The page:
I think it's especially challenging to lead activities like this, where the materials you have to work with are analogies of what really happens in the real world.  I was impressed with the ways the facilitator drew connections between the activity they were doing and what happens in the real world.

The facilitator started the activity by asking the kids what they already knew about oil spills.  I was struck by how many hands went in the air, and details the kids knew including the catastrophic spill in the Gulf of Mexico in 2010.

The group discussed what kinds of engineers help solve the environmental problems caused by oil spills - chemical and environmental engineers.

In groups, the kids examined their 'oceans' of water, with oil floating on top.  They discussed and wrote observations in their science notebooks.

The facilitator introduced some terms and definitions and then passed out materials the kids would use to try to clean up the oil.

As kids formulated their plans for working together to get the oil off the feathers and out of the 'ocean', the facilitator passed around photos of actual oil spills and the effects they have on wildlife.  Then it was time to work together to figure out how to use materials to clean up the oil.

During the discussion after the activity, the kids all said that they enjoyed this activity even though it was very difficult to get all the oil out of the water and off of the feathers.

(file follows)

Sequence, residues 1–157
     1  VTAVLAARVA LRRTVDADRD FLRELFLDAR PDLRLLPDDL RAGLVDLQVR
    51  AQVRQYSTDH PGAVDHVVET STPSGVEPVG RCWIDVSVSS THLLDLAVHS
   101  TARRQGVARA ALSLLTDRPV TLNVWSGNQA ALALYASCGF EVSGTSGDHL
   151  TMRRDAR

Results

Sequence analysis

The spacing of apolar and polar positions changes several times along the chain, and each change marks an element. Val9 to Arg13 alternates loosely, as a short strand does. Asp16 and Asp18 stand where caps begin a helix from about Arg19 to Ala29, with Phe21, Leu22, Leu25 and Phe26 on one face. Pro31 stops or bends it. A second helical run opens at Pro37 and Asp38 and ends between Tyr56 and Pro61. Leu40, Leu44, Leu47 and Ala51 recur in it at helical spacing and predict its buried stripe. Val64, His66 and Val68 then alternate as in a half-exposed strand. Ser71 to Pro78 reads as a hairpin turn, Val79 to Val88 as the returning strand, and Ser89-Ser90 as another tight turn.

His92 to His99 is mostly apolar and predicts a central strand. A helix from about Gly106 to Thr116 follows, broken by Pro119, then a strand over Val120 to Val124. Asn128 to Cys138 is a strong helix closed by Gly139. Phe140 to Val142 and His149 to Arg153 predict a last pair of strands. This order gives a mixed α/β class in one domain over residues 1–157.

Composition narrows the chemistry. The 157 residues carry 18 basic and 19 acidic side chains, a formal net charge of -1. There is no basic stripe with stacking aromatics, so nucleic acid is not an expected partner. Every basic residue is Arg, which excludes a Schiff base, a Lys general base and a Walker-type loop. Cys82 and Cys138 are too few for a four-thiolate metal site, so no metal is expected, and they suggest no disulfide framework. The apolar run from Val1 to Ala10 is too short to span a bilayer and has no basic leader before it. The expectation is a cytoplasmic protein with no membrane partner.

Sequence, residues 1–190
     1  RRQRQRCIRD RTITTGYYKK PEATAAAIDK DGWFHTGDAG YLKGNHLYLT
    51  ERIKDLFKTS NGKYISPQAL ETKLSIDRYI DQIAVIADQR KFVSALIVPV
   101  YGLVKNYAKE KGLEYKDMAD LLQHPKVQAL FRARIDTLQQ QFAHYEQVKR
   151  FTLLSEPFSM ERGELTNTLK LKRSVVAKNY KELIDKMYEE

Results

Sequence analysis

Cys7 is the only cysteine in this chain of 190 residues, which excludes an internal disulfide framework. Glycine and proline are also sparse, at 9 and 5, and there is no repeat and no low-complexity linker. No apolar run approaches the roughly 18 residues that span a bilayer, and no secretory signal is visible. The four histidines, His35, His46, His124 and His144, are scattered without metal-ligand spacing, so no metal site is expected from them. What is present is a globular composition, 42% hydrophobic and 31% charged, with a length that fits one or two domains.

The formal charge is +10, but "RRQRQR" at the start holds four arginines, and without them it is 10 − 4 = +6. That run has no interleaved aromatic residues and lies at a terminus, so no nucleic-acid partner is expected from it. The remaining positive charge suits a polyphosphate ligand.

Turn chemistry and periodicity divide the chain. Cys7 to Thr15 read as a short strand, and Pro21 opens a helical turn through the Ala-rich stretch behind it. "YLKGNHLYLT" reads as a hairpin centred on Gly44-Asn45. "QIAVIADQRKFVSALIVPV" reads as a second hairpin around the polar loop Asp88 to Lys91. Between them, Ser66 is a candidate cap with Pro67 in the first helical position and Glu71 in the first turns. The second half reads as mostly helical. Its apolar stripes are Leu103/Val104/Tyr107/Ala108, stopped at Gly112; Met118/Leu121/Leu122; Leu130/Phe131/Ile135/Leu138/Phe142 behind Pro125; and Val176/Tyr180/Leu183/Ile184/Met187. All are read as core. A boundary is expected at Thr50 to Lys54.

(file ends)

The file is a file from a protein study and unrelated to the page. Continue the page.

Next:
In order to help kids make connections between the science activities we do after school and science in the real world, here are some things we see quality programs doing:
  • Ask kids what they already know about related issues
  • Show kids pictures, news articles or videos
  • Introduce kids to a scientist who works on the problem in the field
  • Take a field trip
  • Participate in a citizen science project to help a scientist conduct a study on a related issue

Let us know some ways that your after school science program connects kids to real world science!

Monday, July 02, 2012

Bringing Science to Creative Writing

Earlier this month we were proud to announce our partnership with 826 National and Time Warner Cable's Connect A Million Minds to help bring science content to the stellar 826 National creative writing programs in San Francisco, Los Angeles and New York!

Last week, Coalition Director Dr. Carol Tang presented a taste of what science in a creative writing program can look like at the 826 National Staff Development Conference with Dr. Rebecca Smith, Co-Director of the Science & Health Education Partnership at University of California, San Francisco.  What they presented yesterday was a small piece of the pilot curriculum they have written for 826 National that incorporates science concepts into creative writing.